I’ve been reading nonstop during the pandemic—about a book a week—and it got me wondering: How do others become writers? How do others know what writing genre to pursue?
Palm Desert resident Kristin Johnson is an author, screenwriter, ghostwriter and writing coach. Of course, she started life as an avid reader.
“My mother says I began reading at age 2!” Johnson says. Her favorite childhood books were The Sugar-Plum Tree, Charlotte’s Web and Black Beauty. The authors she now lists as favorites include Daphne du Maurier, Dostoevsky, Dickens and Shakespeare.
“I always read more than one book at a time,” she says. “I just finished one by Lou Diamond Phillips, and I have several piled up right now on my bedside table. On top of the stack is Dead Storm, a Zombie apocalypse novel.” She adds with a laugh: “But I don’t read it right before I go to sleep.”
Johnson was born in Flint, Mich., and raised in nearby Grand Blanc. She has lived in the desert for more than 20 years, moving here after graduating from the professional-writing program at the University of Southern California.
“My family had been here for a long time,” says Johnson, “and in particular, my grandmother was here. I’ve always strived to live by her example. My mom had been a teacher and librarian. She had actually written a book, Libraries Are for Children; then she worked as a full-time mom. She was an educated, gracious and kind woman. She was always interested in everything—and lived to learn. She once told me, ‘You already know what you know. Listen to other people, and find out what they know.’ Sadly, we lost her a few years ago. I often think to myself, ‘What would mom do?’
“My dad is still here, and we’re a very close family. He was in the business world, a very sociable man, very aware, and always supportive of my mom’s love of learning. I’m the younger of two daughters, and I have a wonderful niece and nephew. I’m divorced, and having family close by is one of the blessings of my life.”
While attending the University of Michigan in Ann Arbor, where she majored in creative writing and arts and ideas, Johnson’s first writing job was reporting for the university’s daily newspaper, The Michigan Daily.
When did Johnson know she would be a writer? “When does anybody know they can write?” she responds. “Maybe it’s when teachers tell you, ‘One day, you’ll be famous.’ And it’s when you feel the drive and desire—the need to tell stories. My mother and grandmother always said that I had that talent. Their faith in me meant a lot. Plus, I always enjoyed the writing itself.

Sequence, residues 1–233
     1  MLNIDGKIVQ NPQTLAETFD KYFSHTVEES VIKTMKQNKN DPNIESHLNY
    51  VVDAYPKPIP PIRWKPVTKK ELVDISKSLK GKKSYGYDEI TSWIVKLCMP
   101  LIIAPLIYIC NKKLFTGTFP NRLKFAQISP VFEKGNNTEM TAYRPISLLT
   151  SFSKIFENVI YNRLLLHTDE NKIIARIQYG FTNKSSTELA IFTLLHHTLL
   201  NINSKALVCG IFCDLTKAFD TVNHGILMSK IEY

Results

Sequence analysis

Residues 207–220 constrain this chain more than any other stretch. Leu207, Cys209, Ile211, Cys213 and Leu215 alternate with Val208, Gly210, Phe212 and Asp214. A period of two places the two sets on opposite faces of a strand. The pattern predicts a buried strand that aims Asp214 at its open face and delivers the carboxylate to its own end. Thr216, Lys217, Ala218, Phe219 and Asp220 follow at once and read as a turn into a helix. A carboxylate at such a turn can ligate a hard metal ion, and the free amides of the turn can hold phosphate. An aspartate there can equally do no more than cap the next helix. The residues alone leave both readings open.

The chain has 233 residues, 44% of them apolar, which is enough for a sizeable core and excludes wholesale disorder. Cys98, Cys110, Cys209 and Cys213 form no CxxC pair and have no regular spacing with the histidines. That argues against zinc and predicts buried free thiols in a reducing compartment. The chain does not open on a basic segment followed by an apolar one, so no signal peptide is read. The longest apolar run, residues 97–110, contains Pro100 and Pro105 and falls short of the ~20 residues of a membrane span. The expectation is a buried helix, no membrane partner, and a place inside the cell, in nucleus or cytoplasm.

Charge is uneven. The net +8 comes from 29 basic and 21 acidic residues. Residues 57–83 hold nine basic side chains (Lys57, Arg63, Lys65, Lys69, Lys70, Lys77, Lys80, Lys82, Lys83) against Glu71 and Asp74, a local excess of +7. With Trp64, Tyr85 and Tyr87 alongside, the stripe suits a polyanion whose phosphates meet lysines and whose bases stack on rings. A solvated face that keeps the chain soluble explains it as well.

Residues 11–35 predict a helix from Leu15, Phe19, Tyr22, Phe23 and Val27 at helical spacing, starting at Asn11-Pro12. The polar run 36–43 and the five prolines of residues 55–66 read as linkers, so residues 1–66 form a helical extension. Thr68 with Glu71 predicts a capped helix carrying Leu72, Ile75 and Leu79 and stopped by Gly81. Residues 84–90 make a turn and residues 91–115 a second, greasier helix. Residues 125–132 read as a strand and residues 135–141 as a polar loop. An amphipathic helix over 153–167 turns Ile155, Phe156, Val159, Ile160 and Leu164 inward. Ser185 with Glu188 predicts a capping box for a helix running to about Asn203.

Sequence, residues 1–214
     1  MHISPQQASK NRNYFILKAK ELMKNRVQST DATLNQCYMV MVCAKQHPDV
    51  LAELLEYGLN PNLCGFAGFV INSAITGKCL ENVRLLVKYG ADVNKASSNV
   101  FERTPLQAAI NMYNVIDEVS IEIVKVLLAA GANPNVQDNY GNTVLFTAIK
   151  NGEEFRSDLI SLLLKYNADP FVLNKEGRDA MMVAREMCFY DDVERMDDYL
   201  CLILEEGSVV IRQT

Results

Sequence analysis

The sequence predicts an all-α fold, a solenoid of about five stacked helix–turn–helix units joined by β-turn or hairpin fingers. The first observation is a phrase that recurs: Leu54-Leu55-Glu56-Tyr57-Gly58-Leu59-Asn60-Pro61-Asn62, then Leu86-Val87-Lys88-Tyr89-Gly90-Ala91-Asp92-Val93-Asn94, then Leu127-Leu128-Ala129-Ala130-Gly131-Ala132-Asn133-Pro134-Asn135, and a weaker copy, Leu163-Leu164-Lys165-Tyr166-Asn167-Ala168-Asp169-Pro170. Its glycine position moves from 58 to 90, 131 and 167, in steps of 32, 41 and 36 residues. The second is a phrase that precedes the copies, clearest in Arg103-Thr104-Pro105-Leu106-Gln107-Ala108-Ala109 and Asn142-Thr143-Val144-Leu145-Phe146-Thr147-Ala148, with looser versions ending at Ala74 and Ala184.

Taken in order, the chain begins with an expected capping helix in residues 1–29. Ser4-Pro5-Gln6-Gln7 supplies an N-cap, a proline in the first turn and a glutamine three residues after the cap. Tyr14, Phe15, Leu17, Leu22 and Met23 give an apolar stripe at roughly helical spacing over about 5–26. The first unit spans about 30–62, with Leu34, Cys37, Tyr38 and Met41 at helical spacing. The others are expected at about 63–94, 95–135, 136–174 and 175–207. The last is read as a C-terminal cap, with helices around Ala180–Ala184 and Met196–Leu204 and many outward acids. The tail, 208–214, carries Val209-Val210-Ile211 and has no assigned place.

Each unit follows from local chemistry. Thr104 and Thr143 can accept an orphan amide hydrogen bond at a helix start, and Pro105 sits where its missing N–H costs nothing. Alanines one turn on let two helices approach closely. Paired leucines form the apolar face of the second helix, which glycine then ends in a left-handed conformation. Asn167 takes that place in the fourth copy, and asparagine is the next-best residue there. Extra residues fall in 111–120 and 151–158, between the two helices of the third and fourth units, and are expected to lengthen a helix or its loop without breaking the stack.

“There are so many different forms of writing. Stories and plays are very different. I had won prizes for some early poetry, and I began writing screenplays at Michigan. I’ve always loved movies and TV, so I had an idea I wanted to do that. There’s a very specific format for writing for screen and for television—almost akin to poetry, in the focus on images.
“At USC, I collaborated with Dr. Rupert Perrin, and got hired to help write his book, Ordinary Miracles. Ghostwriting is an interesting business. You have to enter into someone else’s mind, to connect with the person and really relate. It’s a lot like a marriage, where you get to know each other on a deep level. It was a great opportunity for me, and I knew I could do it as a career.
“I also like to coach people about their writing, and assist them with dialog and structure, figuring out what their story is, and helping them shape the work.
“My own writing is primarily fiction and screenplays. I work on several different projects at the same time. My preferred genre is fantasy/science fiction. I first outline so I can know where I’m going with a piece. I think, ‘Wouldn’t it be cool if …’ and I try to figure out what the angle is going to be. I listen to the characters once they start to seem like real people—whether they’re really people, or elves, or unicorns.”
Johnson says that one of the best decisions she ever made was to join writing groups and connect with other writers. “We need a community,” she says, “or it can seem very lonely.
“Oh, and of course my best decision was to move to the desert!”
The pandemic has not had as much of a professional impact on Johnson as it has on others.
“I worked from home before everybody else was doing it, so I’ve adjusted to the new reality,” she says. “It’s really all about keeping one’s loved ones safe—there are a lot of people experiencing a lot of pain.”
When I ask Johnson what she learned from her biggest mistake in life, she doesn’t hesitate to share her philosophy: “There are no mistakes. There are only learning experiences. I know that when I haven’t thought things through, I come to find my assumptions were faulty. We need different perspectives and not to jump to conclusions too quickly—to think we know something when we don’t. To paraphrase Maya Angelou: We do what we know, and when we know better, we do better.”
One of the projects Johnson is very proud of is her essay “Words Change Lives,” included as part of Paul Lowe’s book Mastering the Game of Life. “There were 22 of us as contributors, on subjects ranging from the miracle birth of a son to planting forests.
“We all have stories, and there’s power in sharing our stories. For example, I still remember one of the early Twilight Zone episodes as an illustration of how books have a hold on our lives: The character was the last man on Earth—and he finally had time to read.”
Kristin Johnson has found her calling—not just as a writer, but as someone who has the wisdom to make time to read … just not zombie-apocalypse fiction before bedtime.